Another Headstone at Arlington Speaks to Us (Update)
As mentioned at the end of this post, we are finally beginning to see influential Republicans speak out against the idiocy and un-Americanism of Trump’s Islamophobia.
Today, on CBS’s “Face the Nation,” Sen. Richard Burr (R-N.C.), the chairman of the Senate Intelligence Committee called Trump’s call to ban Muslims from entering the U.S. a “huge mistake” that would fuel terror recruitment in the United States, according to The Hill.
Burr thinks it “sends the wrong message to people that have to be part of our partnership for a solution,” and that it serves as fuel for ISIL recruitment.
Burr also laments the many Muslims who have been killed or injured while working as interpreters alongside our troops in Iraq and Afghanistan. He is concerned about the image projected with Muslim countries and frets about the possible radicalization of those already in our country.
While this is progress, it would have been even more genuine and powerful if Burr was also concerned about the assault on American core values the Trump banality represents.
About three months ago, when Republican presidential candidates questioned the patriotism and integrity of Muslim-Americans, Nevada Senator Harry Reid spoke poignantly and powerfully on the U.S. Senate floor against such divisive and shameful rhetoric.
“In Arlington National Cemetery, there is a white headstone, which, like so many others, marks the final resting place of a courageous service-member who gave his life in combat. This grave belongs to Kareem Khan of New Jersey, who was just twenty years old. Kareem was Muslim,” Reid commenced.
Then he spoke about the patriotism and “Americanism” of this Muslim-American:
Kareem’s rank was that of Specialist in the Stryker Brigade of the U.S. Army’s 2nd Infantry division. By all accounts, he was a good soldier. He received a Purple Heart, Bronze Star and a medal for good conduct. Tragedy struck on August 6, 2007, as Kareem and three others were checking abandoned Iraqi houses for explosives, a hidden bomb exploded, killing all four soldiers. Like thousands of other soldiers in Iraq and Afghanistan, Kareem Khan sacrificed everything for his country. Kareem gave, as President Abraham Lincoln said, “the last full measure of devotion” for the United States.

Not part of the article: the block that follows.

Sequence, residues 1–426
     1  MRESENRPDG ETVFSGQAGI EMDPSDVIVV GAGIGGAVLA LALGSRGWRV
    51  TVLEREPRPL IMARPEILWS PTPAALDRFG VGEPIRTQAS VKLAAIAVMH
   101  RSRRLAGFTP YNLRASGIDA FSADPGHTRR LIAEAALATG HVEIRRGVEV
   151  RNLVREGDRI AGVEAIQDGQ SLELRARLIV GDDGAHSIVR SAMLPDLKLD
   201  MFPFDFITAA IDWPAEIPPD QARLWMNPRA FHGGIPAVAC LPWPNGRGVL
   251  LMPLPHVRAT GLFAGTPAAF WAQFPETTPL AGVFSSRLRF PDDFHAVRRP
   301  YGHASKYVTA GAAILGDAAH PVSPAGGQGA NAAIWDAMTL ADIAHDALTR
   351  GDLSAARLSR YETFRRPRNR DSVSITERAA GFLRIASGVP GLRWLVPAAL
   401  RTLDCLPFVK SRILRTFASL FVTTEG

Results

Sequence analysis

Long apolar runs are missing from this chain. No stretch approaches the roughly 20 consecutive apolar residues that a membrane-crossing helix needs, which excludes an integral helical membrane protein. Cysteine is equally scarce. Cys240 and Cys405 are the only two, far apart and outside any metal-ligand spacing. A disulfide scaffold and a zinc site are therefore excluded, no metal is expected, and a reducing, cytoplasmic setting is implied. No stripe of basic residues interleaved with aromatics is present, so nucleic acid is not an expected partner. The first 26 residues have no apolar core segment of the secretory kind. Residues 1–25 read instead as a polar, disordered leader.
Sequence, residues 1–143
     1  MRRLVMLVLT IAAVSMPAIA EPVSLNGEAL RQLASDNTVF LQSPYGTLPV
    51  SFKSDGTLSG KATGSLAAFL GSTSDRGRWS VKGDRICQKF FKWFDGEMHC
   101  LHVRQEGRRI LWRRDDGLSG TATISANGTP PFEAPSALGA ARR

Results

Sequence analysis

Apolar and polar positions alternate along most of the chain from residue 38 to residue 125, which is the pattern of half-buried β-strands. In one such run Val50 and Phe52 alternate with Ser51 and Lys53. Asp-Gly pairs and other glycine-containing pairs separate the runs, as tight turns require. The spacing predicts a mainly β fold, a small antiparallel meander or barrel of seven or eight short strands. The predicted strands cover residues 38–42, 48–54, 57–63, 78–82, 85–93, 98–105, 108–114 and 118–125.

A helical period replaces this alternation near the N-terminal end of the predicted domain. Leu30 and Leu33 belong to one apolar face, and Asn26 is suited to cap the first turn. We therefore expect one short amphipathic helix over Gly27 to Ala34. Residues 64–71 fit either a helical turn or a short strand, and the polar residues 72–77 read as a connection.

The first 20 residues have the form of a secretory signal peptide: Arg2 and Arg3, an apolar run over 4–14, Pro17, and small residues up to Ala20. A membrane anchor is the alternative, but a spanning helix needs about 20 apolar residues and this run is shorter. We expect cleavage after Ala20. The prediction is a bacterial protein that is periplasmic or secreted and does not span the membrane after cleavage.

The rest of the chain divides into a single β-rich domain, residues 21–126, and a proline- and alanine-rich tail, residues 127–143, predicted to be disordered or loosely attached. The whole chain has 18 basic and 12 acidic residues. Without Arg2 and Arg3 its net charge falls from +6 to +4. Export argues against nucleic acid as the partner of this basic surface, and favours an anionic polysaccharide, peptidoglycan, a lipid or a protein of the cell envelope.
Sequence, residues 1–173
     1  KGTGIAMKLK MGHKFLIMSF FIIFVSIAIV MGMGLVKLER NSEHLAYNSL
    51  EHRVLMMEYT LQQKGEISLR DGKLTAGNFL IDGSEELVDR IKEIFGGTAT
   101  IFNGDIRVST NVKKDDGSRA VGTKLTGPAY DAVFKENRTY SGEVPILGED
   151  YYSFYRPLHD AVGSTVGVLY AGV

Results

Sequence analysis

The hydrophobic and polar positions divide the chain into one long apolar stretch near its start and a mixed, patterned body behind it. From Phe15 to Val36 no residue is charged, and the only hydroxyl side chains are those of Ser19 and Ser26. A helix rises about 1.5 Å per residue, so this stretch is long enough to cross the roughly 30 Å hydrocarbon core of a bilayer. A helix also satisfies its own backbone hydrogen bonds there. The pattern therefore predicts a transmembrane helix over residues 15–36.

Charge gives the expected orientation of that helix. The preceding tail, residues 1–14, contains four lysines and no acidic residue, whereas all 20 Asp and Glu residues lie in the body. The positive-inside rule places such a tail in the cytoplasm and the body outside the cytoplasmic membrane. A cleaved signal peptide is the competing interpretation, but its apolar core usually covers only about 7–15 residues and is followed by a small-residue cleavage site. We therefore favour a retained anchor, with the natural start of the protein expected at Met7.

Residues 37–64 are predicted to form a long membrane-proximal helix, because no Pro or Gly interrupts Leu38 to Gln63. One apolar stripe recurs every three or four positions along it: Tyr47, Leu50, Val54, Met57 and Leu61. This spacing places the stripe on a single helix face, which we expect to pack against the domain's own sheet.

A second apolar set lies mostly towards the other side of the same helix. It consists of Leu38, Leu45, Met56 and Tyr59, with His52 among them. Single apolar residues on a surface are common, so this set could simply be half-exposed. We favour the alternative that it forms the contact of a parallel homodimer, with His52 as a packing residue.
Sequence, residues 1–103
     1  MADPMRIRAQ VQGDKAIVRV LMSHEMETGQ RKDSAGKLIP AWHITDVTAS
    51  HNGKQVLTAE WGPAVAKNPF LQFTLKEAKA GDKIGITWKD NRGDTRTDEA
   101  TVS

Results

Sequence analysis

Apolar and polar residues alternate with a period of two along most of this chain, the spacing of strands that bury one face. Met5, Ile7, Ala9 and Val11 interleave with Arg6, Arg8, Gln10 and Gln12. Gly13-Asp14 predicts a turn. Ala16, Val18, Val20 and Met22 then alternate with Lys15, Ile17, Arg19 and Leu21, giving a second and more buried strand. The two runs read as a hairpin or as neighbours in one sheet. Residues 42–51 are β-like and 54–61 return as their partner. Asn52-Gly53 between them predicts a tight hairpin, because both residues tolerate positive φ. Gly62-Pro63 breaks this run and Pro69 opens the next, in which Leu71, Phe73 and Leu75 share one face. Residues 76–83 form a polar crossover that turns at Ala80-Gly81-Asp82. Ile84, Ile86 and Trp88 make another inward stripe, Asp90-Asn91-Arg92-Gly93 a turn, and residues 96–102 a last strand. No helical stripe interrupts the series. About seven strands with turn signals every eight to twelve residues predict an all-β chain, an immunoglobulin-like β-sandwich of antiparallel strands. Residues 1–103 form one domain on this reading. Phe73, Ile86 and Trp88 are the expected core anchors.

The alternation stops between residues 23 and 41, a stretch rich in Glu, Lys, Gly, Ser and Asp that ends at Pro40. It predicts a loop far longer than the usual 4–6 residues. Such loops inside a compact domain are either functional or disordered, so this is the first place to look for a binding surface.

Reid then riled against how “a Republican candidate for President denigrated Kareem Khan and all Muslim-Americans.” That candidate was Ben Carson who “questioned Muslim-Americans devotion to the United States. He questioned their integrity. And then Ben Carson unilaterally disqualified every Muslim-American from becoming President of the United States.”
I call upon every Republican to denounce Ben Carson’s disgusting remarks. That shameful intolerance and bigotry should have no place in America today. Sadly, it seems to have a lasting place in the Republican Party. Republicans should open their eyes and take note of the contributions of our country’s Muslim community. Until they do, none of them will be worthy of leading this nation.
Apparently that message has fallen upon deaf ears, because less than three months later, another Republican presidential candidate has picked up the mantle of hate and bigotry with even more zealotry, even more hate — even more forebodingly and alarmingly.
Today, the leading Republican presidential candidate, Donald Trump, is raising the level and intensity of bigotry, intolerance and especially of Islamophobia by calling for barring all Muslims from entering the United States. This un-American, unconstitutional and unconscionable dog whistle follows on the heels of calls for establishing surveillance on mosques, compiling a database for all Muslims living in the U.S. and other similar reprehensible measures.
But also today, yet another white headstone at Arlington National Cemetery cries out against the profanities of a man who never served.